When you’ve decided to break a bad habit, especially if it has a negative impact on your health and well-being, you may need some help from others. You might discover that letting friends, family, colleagues, or peers in on your commitment to change will open up valuable sources of insight and support. Anyone who’s worked at changing a bad habit will understand your challenge.
When you need more than a friend, though, there are plenty of resources available, ranging from online chat or support groups to inpatient treatment programs. Many services are offered through provincial or federal governments, and some may be covered by provincial health insurance plans.
Counsellors and psychotherapists
If your habit requires some outside help to resolve, consider speaking to a professional counsellor or psychotherapist who can help guide you through the process of understanding, confronting, and breaking damaging habits. Find a Canadian certified counsellor in your area at ccpa-accp.ca.
If you or someone you care about is struggling with a drug habit or addiction, you can find national and provincial help contacts, support groups, and other valuable information at nationalantidrugstrategy.gc.ca.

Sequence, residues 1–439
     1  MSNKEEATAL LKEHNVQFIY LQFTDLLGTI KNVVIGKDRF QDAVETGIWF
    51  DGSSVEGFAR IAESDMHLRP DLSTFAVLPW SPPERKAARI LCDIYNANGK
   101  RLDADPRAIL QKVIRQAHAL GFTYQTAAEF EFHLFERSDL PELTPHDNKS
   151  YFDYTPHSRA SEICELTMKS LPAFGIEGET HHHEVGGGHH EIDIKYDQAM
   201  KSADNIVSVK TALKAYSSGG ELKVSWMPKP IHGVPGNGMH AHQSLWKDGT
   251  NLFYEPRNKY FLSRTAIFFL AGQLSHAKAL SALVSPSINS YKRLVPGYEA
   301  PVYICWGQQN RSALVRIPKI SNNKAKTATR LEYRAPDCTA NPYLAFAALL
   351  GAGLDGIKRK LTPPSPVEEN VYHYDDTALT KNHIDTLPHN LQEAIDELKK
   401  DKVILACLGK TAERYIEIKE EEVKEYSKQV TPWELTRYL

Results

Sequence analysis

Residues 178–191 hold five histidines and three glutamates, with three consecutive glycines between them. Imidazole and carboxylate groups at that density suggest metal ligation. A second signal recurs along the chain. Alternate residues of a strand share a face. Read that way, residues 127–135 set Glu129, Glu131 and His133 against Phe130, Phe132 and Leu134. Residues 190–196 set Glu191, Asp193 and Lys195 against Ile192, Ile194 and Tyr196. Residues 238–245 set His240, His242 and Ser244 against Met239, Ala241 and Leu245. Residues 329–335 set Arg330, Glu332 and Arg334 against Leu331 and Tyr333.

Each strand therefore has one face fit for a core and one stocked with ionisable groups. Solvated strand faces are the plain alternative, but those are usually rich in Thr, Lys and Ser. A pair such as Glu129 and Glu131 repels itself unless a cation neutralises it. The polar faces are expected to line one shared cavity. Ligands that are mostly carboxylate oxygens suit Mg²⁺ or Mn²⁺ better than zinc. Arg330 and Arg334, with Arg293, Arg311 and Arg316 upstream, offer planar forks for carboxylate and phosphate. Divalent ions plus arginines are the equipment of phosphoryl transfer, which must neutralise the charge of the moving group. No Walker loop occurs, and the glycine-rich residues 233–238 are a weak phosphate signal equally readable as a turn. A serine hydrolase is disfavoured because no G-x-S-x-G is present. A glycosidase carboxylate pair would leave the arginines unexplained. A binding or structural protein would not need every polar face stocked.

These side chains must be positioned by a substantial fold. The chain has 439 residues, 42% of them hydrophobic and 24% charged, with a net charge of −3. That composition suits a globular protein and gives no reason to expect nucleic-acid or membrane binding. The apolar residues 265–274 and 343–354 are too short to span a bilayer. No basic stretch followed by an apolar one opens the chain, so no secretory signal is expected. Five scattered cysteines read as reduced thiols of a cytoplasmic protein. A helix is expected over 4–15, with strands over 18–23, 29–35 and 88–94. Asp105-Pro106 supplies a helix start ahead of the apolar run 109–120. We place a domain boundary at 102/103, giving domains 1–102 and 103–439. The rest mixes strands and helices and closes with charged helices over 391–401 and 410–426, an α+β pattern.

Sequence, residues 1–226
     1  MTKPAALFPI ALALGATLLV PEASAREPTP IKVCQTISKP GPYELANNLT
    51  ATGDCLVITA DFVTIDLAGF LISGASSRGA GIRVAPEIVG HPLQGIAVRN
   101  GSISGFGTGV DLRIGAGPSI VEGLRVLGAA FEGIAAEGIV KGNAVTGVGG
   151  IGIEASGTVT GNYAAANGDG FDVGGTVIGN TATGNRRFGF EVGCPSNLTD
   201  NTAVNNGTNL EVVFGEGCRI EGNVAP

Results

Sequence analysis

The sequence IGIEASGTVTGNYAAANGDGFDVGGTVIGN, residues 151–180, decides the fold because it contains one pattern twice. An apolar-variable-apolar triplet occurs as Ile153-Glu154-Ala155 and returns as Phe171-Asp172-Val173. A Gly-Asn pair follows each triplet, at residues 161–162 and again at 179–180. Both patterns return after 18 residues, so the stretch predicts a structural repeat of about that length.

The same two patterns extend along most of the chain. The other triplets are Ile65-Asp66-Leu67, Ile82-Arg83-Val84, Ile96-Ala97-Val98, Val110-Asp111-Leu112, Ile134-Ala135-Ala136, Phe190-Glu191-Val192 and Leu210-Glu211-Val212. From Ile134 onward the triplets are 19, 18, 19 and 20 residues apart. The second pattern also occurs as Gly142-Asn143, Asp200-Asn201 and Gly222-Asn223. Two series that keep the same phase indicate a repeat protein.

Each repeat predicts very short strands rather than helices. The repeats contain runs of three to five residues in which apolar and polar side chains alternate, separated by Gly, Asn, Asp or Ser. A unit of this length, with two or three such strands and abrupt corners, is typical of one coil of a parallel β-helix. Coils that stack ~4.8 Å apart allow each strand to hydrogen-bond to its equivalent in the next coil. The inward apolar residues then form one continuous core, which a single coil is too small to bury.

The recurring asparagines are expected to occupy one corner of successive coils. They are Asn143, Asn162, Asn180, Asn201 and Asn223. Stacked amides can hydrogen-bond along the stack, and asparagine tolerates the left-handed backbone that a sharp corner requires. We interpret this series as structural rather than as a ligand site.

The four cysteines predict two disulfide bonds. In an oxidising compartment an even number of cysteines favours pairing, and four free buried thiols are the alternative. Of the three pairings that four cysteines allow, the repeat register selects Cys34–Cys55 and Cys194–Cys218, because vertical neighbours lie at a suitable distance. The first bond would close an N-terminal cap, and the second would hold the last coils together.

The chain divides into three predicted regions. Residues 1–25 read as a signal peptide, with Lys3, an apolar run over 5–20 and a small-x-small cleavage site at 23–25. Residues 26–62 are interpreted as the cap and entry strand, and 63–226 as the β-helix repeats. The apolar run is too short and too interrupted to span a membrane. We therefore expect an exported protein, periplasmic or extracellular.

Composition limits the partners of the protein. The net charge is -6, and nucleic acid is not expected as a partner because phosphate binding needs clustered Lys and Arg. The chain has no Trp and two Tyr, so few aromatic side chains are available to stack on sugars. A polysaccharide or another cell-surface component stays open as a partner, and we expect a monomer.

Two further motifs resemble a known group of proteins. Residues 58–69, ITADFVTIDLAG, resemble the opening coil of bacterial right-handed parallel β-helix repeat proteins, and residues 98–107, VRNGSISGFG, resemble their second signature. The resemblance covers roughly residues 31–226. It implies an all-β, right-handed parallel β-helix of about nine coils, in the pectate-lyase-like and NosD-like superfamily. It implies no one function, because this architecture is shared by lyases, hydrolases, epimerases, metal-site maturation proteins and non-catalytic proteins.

Smoking is much more than a habit; when you’ve made the decision to stop, you can get support from the toll-free Canada-wide Quitline at 1-866-366-3667, or find provincial resources online.
What to ask when seeking professional help
Week 4: November 24 to 30 – Write it down
Have you noticed that when you keep a record of something—say, the amount you spend on double chocolate doughnuts each week—it somehow becomes more real? It also tends to keep you more accountable to yourself.
A 2012 study published in the Journal of the Academy of Nutrition and Dietetics found that women who wrote down their commitment to achieve a 10 percent reduction in weight and diarized their food intake over a year lost more weight than women who didn’t write down anything.
To help increase your odds of success in breaking a bad habit, start your record-keeping by identifying the habit you want to break. Then log the process of analyzing the habit, commit to its resolution, and track your journey to success.
What to log in your habit-breaking diary